This decision to increase graduate offerings, however, will not be unique to the School of Public Policy and Administration. In fact, President Assanis sees increasing graduate enrollment in all available areas of study as a “needed expansion” for the university.

“I feel that it would be appropriate, especially with the expansion we have around the STAR campus, that we also think about expanding our education opportunities and degrees that we offer, and I think the opportunity to do so at the graduate level is very exciting,” Assanis said.

To prepare for this radical change in student demographic, Assanis intends to increase the faculty body by up to 250 members over the next five to 10 years. It is his hope that this proliferation in graduate applications will not only make the university more competitive, but will also usher new and innovative ideas into the university’s lecture halls and research labs.

“Oftentimes, what happens is we deliver great undergraduate experiences to our students and when it comes time for graduate school, they go to some other place,” he said. “ I like to retain our best and brightest, and I think if we give them challenging opportunities at the master’s level, it will do so.”

Assanis anticipates that a larger graduate student body will also endow undergraduate students with more financial and educational resources, noting that increased graduate enrollment will yield more tuition dollars, teacher’s assistants and peer advisors — tools that give undergraduates more opportunities for growth and mentorship on campus.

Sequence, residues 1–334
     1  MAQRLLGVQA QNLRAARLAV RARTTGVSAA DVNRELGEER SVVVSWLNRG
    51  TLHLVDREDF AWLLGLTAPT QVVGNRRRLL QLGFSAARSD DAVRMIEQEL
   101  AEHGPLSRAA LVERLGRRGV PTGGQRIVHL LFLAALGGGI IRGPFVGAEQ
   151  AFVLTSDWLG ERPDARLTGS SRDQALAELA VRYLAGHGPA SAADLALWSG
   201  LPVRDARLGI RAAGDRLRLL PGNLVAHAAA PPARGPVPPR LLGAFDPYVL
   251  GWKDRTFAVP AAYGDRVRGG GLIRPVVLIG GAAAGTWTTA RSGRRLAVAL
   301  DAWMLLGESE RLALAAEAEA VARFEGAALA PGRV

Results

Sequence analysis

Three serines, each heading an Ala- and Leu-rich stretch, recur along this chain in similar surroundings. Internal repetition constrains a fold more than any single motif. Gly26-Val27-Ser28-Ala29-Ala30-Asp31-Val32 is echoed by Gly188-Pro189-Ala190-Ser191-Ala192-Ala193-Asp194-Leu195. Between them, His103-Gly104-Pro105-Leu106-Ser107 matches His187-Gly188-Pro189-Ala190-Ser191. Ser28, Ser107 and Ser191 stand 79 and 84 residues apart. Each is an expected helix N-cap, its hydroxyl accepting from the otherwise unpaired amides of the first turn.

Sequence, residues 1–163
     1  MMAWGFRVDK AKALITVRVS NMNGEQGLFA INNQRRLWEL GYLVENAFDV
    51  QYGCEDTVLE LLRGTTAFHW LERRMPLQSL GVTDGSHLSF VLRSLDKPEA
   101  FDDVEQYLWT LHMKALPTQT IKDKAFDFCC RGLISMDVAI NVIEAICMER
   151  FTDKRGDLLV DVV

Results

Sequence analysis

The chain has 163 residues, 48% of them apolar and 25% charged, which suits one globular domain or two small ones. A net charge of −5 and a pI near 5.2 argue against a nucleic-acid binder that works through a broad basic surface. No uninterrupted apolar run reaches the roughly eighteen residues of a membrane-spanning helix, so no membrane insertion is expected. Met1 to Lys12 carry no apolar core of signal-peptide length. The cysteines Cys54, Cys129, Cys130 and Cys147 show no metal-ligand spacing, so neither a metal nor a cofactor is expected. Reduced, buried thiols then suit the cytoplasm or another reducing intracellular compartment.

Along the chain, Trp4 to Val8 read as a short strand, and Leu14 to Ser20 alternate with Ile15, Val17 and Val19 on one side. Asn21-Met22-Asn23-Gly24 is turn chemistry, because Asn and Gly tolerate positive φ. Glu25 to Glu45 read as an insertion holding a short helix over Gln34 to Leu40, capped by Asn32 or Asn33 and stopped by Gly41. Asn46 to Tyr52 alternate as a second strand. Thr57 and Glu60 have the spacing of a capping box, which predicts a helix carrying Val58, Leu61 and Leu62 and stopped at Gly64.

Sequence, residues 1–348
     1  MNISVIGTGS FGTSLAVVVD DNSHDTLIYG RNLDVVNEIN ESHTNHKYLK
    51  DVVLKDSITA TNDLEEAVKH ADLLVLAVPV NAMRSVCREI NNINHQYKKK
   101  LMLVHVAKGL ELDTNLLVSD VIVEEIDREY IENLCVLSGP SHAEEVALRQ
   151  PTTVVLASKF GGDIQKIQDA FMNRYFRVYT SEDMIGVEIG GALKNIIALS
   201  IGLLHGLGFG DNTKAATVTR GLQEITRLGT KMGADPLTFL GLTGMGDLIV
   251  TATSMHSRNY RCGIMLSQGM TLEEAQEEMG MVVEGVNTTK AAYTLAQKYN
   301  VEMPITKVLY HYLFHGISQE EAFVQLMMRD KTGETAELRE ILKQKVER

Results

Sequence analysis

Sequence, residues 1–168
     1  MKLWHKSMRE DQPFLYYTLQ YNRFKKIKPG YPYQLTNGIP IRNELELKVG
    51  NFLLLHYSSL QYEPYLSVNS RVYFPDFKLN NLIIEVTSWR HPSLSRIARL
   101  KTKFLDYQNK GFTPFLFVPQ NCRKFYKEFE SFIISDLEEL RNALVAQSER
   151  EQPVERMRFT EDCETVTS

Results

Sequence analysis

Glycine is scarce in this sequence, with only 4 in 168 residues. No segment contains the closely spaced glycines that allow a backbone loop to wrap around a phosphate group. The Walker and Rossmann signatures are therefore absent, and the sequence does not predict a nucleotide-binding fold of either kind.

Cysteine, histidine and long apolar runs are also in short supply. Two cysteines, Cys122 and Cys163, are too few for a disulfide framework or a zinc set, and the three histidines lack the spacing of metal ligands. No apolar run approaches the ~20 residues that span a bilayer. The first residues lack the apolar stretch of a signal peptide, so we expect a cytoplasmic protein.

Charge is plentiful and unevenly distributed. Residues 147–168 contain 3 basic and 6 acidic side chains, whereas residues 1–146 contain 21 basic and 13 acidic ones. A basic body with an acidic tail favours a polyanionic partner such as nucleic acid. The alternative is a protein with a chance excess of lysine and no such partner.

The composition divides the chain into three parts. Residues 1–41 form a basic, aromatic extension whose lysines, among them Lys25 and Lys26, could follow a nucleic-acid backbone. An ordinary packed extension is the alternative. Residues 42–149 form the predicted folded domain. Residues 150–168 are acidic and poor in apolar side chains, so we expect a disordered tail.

“We like to give our undergraduates more opportunities to engage in research and it’s so much easier to do that when there’s peer-to-peer advising,” he said.

That aside, Assanis predicts that the creation of these new, higher level degrees will generate more interdisciplinary areas of study, prompting more possibilities for partnership and collaboration on the university’s STAR campus.

“I often say that the STAR campus is a field of dream,” he said. “It’s really this blank campus that we can actually use now to sketch and draw the university of the future…it is where the University of Delaware will make the world.”

Since its inception, the university’s STAR campus has aimed to cater to more interdisciplinary areas of study in laboratory spaces that are more conducive for “collaboration” and “discovery.”